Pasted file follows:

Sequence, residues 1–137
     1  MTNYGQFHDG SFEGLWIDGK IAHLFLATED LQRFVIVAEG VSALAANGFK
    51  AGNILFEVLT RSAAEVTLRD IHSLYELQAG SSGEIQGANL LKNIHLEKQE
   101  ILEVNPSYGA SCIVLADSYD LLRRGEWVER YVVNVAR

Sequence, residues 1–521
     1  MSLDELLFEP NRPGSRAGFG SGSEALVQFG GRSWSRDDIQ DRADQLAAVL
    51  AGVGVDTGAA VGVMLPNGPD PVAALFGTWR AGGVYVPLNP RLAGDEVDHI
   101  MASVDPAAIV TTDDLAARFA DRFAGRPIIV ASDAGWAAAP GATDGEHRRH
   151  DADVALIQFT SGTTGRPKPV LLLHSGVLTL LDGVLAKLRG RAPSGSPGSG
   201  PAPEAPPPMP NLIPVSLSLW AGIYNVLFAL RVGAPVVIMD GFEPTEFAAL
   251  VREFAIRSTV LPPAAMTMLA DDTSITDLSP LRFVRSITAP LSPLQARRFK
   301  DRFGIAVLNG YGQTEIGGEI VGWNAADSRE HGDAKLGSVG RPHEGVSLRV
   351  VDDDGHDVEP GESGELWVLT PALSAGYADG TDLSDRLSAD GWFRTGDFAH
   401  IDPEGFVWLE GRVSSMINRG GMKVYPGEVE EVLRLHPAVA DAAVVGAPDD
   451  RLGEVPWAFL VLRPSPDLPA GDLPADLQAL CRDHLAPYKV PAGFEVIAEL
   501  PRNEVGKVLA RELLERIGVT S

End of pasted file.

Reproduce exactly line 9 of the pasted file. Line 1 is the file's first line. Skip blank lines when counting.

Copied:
   151  DADVALIQFT SGTTGRPKPV LLLHSGVLTL LDGVLAKLRG RAPSGSPGSG